Jones faces AMs for last question time before election
First Minister Carwyn Jones defended his government's record when he faced AMs' questions for the last time before May's election.
Opposition members attacked the performance of the Labour-Plaid Cymru coalition assembly government on the economy, health and education.
But Mr Jones said the administration was "proud" of its achievements.
The assembly dissolves next week ahead of the election on 5 May.
In the Senedd on Tuesday, Conservative AM Angela Burns referred to Mr Jones's speech to the Welsh Labour conference where he said it was easy for governments to become a "strategy factory". If re-elected Labour would make "delivery" its watchword, he said.
Ms Burns said: "What a complete and utter shame that it wasn't the watchword of the government that has just been here for the last four years. You've missed four years, you've let the people of Wales down."
Mr Jones dismissed her claim that Labour and Plaid had failed to meet half the commitments of their One Wales coalition deal, adding: "We're very proud of what we've done here."
'Happy with record'
He said more than 12,000 people were still in work because of ProAct - an assembly government scheme to help struggling businesses through the recession.
In an attack on the UK government, he said: "We're very happy with our record here in terms of what we have delivered, especially when we compare it to the destruction that's happening elsewhere in the UK."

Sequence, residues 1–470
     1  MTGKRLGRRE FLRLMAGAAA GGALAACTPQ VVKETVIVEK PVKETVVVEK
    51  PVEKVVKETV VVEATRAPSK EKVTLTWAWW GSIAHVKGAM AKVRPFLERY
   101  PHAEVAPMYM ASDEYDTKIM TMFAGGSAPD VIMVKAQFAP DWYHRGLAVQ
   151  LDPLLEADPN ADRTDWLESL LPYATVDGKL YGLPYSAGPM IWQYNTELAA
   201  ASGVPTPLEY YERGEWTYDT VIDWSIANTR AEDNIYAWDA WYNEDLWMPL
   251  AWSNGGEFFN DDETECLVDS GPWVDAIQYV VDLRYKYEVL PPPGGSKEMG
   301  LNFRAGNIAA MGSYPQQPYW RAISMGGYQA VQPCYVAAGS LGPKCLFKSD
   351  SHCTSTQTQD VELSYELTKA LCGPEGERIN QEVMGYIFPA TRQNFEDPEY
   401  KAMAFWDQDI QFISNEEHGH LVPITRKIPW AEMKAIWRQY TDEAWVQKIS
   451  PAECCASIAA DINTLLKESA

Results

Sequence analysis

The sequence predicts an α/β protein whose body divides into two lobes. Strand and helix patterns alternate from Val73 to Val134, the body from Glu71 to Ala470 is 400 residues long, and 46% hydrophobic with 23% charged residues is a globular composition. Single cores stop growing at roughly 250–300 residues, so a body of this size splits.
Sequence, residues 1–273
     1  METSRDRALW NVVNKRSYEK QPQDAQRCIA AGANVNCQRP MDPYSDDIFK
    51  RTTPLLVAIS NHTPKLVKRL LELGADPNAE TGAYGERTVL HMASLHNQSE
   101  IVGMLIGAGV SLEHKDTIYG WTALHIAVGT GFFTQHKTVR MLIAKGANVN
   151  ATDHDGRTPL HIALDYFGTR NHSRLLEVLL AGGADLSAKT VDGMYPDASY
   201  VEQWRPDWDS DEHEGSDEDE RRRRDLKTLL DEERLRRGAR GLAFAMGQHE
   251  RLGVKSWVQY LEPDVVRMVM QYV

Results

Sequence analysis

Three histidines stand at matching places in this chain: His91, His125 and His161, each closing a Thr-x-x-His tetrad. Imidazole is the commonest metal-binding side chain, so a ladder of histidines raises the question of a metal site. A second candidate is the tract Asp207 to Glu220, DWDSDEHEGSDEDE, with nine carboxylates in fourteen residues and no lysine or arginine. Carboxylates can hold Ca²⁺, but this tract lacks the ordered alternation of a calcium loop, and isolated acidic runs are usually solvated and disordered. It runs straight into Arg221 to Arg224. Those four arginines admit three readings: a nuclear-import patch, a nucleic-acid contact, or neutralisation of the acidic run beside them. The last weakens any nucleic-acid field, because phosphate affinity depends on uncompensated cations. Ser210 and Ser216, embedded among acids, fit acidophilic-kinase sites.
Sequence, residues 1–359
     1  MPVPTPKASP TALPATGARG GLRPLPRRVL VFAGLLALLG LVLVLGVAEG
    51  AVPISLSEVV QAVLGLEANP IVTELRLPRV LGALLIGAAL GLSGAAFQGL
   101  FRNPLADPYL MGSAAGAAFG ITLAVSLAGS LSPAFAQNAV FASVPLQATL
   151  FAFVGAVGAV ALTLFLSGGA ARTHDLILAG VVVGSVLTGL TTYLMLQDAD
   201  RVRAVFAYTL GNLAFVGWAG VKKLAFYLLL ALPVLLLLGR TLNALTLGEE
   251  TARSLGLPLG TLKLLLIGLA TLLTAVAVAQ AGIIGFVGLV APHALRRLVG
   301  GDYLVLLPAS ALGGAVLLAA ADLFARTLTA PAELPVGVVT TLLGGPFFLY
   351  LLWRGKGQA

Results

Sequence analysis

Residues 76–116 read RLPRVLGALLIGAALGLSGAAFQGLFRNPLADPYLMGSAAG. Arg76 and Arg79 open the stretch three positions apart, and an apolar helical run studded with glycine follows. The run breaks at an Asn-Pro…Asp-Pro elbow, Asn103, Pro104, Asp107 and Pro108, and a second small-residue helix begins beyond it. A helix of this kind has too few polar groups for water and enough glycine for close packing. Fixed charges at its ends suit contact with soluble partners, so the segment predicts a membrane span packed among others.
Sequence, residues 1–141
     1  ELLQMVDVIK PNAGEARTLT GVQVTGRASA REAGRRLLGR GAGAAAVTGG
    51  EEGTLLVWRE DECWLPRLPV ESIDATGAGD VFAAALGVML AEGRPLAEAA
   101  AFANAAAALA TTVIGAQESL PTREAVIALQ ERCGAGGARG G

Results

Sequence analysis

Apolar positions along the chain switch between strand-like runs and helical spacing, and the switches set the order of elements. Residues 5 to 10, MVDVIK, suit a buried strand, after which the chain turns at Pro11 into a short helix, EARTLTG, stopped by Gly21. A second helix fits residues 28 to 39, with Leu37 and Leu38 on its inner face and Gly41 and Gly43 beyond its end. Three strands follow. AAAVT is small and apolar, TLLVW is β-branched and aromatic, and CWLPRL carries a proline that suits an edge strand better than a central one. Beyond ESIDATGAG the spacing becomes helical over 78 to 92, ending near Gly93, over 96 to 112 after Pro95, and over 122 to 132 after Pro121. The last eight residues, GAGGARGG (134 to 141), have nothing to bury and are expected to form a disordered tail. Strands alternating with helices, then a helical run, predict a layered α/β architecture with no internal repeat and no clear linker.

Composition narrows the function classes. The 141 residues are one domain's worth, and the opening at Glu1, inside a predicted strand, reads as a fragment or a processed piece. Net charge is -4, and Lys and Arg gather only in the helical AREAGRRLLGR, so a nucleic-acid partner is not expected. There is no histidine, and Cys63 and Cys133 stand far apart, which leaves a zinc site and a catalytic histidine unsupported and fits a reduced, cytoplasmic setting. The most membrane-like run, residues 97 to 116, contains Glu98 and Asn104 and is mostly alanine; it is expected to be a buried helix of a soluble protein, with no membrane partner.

Welsh Liberal Democrat leader Kirsty Williams said the assembly government had left Wales with a weak economy, underfunded schools and an NHS "that costs more but delivers a lot less".
"Is that the best that Labour and Plaid can deliver for Wales?" she said.
Mr Jones accused her party of "the ultimate breach of promise" through a UK government decision to increase university tuition fees in England.
He said there were "very many good reasons why people want to live in Wales to avoid the destruction being visited by the Lib Dems in England".
Plaid AM Gareth Jones, who is standing down at the election, said he had doubts about the Labour-Plaid coalition deal at the outset, but he was persuaded by the commitment to seek a Yes vote in a referendum on direct-law making powers for the assembly.
He hailed commitments to protect hospitals and "a series of commitments aimed at putting the needs of people and patients above the whims of managers in the health service".